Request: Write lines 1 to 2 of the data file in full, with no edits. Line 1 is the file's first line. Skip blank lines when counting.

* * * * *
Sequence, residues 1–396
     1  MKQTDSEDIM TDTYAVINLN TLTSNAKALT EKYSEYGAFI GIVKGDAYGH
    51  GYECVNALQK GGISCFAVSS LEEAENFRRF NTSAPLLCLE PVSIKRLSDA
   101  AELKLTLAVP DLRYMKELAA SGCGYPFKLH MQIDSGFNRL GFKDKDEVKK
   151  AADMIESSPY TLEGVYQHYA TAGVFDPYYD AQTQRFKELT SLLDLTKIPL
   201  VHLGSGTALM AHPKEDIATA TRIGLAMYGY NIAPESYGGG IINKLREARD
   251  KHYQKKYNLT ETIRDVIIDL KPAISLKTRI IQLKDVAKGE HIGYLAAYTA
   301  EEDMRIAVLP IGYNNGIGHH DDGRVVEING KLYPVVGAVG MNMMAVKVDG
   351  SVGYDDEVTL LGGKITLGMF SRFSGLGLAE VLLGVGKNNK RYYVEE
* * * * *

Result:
Sequence, residues 1–396
     1  MKQTDSEDIM TDTYAVINLN TLTSNAKALT EKYSEYGAFI GIVKGDAYGH